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American Ballads and Folk Songs
cactus—full, startling gold against the blackness of the cactus, and not so damnably cold as other moons.
"Miles we rode up the river-bed, and it was so cold—that satisfying, sensuous cold—it came through my rough-neck sweater and chaps and I revelled in it.
"Later on there was a huge fire and broiled steaks—and afterwards I sat on the edge of a tree which was thrown clear through the fire, and listened to the cowboy who was sitting next to me, sing. Song after song he sang—cowboy ballads which I had not heard before, as well as those with which I was familiar* One I shall never forget- It seemed my cowboy burned the fringe of his chaps as he sang to me, and there was a parody to that song made up afterwards. ..." *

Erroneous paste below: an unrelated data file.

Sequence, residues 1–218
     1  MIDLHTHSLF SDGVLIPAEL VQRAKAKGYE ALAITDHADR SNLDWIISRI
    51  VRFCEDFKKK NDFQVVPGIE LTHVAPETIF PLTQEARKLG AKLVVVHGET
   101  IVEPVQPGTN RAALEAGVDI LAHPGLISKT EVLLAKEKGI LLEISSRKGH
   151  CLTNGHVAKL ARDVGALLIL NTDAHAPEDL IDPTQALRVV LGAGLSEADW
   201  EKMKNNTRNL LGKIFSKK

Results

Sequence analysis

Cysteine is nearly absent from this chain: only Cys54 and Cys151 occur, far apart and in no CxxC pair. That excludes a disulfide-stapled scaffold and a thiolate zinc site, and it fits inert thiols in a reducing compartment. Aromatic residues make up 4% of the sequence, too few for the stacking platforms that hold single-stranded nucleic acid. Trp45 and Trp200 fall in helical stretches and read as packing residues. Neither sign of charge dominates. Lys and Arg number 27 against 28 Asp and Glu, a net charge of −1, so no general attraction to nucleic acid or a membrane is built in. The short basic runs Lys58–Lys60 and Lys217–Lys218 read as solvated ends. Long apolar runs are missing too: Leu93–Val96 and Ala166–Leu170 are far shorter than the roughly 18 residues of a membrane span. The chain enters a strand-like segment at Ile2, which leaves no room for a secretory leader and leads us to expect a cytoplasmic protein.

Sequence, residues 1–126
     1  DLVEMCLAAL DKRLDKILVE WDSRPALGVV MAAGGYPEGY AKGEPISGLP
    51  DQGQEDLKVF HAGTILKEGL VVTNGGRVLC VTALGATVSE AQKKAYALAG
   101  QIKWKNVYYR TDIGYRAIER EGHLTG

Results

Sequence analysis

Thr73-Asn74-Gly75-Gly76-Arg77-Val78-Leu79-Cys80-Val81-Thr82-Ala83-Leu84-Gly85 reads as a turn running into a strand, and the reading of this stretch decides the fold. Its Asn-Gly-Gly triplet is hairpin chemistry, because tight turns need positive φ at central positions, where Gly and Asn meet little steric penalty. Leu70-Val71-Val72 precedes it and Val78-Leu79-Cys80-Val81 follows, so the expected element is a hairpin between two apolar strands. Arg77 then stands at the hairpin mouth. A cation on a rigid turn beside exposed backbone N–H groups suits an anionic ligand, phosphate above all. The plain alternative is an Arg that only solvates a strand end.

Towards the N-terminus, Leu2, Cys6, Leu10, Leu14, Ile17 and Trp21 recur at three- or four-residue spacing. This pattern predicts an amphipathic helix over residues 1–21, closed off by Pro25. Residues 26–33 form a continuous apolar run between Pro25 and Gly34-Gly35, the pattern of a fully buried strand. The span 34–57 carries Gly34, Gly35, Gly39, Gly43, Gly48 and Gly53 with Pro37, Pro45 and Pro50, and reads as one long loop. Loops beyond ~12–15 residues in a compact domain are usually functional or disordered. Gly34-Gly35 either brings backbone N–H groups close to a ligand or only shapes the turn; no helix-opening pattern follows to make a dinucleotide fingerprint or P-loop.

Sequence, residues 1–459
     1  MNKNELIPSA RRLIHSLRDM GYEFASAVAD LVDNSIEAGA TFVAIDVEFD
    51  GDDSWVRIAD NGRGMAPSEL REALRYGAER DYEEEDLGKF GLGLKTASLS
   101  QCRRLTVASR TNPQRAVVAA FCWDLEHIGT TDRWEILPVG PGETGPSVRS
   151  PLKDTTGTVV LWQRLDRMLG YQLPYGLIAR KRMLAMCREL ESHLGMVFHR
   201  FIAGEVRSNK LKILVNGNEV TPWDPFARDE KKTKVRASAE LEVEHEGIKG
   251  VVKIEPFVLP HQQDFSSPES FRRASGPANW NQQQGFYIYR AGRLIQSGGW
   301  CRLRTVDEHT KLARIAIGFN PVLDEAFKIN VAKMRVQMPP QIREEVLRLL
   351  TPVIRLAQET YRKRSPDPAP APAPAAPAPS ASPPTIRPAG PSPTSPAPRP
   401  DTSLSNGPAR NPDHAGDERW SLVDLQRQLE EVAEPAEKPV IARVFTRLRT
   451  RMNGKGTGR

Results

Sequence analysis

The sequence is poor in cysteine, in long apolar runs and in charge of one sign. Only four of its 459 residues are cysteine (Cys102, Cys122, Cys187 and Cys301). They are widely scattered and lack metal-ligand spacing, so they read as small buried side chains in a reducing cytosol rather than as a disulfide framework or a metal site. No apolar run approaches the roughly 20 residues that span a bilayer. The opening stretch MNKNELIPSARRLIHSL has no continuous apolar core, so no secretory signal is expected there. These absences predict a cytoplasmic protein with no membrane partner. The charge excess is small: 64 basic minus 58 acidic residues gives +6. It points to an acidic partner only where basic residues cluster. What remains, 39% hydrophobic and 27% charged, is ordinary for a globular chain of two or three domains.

Way high up in the Syree Peaks
Where the yellow pines grow tall, Old Sandy Bob and Buster Jiggs
Had a round-up camp last fall.
They took their horses and their runnin' irons
And maybe a dog or two; And they 'lowed they'd brand all the long-eared calves
That came within their view.
Many a long-eared dogie
That didn't hush up by day Had his long ears whittled and his old hide scorched
In a most artistic way.
One fine day, says Buster Jiggs
As he throwed his cigo down, "I'm tired o' cow-piography
And I 'lows I'm goin' to town."
'Contributed to the collection of Dr. Hazard by Helen Becker of Mills College.